No artists have been revealed yet for the second edition of the fest.

The Dreamville squad earned their first two collective GRAMMY nominations at the most recent 62nd GRAMMY Awards; for Best Rap Album for the collaborative Revenge Of The Dreamers III and Best Rap Performance for one of its singles, "Down Bad." Cole earned a total of five nods, including for his work on that project, and took him his first GRAMMY win for his feature on 21 Savage's "A Lot."

Dreamville's Lute Drops New Single And Video, "GED (Gettin Every Dolla)"

Houseparty’s "In The House": Katy Perry, John Legend, Alicia Keys + More

Katy Perry

Photo: Getty Images/Getty Images


Houseparty’s "In The House": Katy Perry, John Legend, Alicia Keys + More

The three-day livestream event taking place this weekend (May 15-17) will allow users to view performances and segments while chatting with friends in realtime

GRAMMYs/May 15, 2020 - 12:46 am

Houseparty, the face-to-face social video app, is bringing a star-studded lineup of performances, workouts and cooking lessons to its users, including appearances by Katy Perry, John Legend, Snoop Dogg, Alicia Keys and more than 40 other celebrities. The event, "In The House," will take place over the course of three days, beginning this weekend on Friday, May 15 and running through Sunday, May 17.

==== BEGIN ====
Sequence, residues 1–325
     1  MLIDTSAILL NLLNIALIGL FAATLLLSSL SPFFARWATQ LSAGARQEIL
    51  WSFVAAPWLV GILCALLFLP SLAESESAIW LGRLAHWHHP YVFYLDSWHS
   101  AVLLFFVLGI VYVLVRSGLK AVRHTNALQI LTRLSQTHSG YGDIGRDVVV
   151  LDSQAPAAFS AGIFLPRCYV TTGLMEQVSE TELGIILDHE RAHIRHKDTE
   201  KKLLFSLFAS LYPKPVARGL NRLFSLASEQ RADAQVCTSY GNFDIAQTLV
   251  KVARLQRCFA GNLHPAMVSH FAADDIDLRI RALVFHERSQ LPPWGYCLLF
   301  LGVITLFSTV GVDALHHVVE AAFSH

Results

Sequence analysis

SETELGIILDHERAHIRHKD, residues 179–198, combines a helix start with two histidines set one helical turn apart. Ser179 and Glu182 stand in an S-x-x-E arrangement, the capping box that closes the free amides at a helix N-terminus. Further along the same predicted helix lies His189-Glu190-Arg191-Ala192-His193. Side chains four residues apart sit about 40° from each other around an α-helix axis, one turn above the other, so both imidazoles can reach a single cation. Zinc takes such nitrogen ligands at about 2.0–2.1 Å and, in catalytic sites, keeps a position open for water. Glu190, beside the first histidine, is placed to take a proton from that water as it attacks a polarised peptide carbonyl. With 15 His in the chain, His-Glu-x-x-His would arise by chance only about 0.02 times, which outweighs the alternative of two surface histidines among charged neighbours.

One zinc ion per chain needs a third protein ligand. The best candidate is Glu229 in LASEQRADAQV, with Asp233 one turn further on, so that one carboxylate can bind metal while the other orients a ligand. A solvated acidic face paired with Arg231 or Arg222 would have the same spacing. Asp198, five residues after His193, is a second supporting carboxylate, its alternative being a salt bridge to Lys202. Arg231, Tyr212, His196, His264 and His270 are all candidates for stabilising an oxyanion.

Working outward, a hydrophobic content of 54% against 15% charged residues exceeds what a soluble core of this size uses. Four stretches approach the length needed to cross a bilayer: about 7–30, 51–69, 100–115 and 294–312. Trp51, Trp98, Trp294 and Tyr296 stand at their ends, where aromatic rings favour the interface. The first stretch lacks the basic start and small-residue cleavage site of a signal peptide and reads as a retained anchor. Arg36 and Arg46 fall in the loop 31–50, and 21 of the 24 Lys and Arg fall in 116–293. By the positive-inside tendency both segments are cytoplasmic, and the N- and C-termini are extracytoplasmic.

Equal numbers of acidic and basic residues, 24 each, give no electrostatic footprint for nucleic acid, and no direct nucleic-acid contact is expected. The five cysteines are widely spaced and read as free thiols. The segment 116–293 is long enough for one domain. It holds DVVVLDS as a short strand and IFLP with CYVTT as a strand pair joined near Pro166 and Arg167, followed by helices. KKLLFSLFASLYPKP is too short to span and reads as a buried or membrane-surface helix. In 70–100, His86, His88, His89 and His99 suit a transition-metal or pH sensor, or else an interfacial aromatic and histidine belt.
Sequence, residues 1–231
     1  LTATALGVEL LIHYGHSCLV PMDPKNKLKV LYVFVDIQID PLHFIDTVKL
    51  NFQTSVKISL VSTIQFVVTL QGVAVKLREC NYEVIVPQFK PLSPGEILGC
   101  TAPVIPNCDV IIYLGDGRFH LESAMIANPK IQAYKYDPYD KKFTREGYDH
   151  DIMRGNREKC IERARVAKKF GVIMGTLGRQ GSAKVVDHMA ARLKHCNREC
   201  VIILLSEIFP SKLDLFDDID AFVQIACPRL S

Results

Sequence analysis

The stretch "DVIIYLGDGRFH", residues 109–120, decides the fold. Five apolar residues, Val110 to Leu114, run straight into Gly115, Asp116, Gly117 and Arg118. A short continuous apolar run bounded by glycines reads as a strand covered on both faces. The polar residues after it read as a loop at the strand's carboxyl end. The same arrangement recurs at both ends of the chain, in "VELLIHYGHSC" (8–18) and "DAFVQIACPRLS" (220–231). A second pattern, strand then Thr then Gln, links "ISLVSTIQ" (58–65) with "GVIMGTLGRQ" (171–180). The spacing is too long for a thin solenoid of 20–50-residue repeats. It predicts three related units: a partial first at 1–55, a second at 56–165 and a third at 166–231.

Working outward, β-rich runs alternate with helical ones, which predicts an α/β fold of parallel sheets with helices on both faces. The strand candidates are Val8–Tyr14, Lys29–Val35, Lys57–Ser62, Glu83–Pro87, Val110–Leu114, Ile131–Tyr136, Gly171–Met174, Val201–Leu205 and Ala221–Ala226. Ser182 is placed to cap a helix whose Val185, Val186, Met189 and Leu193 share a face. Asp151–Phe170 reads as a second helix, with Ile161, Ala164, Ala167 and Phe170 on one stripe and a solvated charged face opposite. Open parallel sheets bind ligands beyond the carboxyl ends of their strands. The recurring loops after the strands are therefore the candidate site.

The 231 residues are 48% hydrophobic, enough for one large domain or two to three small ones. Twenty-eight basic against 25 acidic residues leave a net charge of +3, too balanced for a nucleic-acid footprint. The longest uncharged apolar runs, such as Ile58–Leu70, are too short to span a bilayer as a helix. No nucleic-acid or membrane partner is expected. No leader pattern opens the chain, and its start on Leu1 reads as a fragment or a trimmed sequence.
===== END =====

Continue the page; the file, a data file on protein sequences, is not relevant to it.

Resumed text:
Per Rolling Stone, the event’s programming will see a live performance of Perry’s unreleased track “Daisies,” slated to be released on Friday, May 15, in addition to sets by Legend, Chvrches and others. The program will also feature special cooking lessons on unique recipes provided by Snoop Dogg, 2 Chainz and Zooey Deschanel. Alicia Keys will also host a karaoke session and lead a 30 minute at-home workout. The full lineup and event schedule are available here.

Read More: How To Use Music Techniques To Prepare Healthy Food

The three-day event will allow those who tune in to enjoy free performances from the comfort of their homes, and they’ll be able to chat and interact with friends via the app all in real time. In a statement to Variety discussing the program, Houseparty CEO and co-founder Sima Sistani said “We are bringing back appointment viewing… to capture that feeling of sitting on the couch for that special show with your family or friends on a Friday night.”

Houseparty is available to download for free on iOS and Android devices, as well as online where users can tune in to stream the live event. Each segment will air again 12 hours following its original stream for those who may have missed the original broadcasts.

John Legend Performs “Nothing Compares 2 U”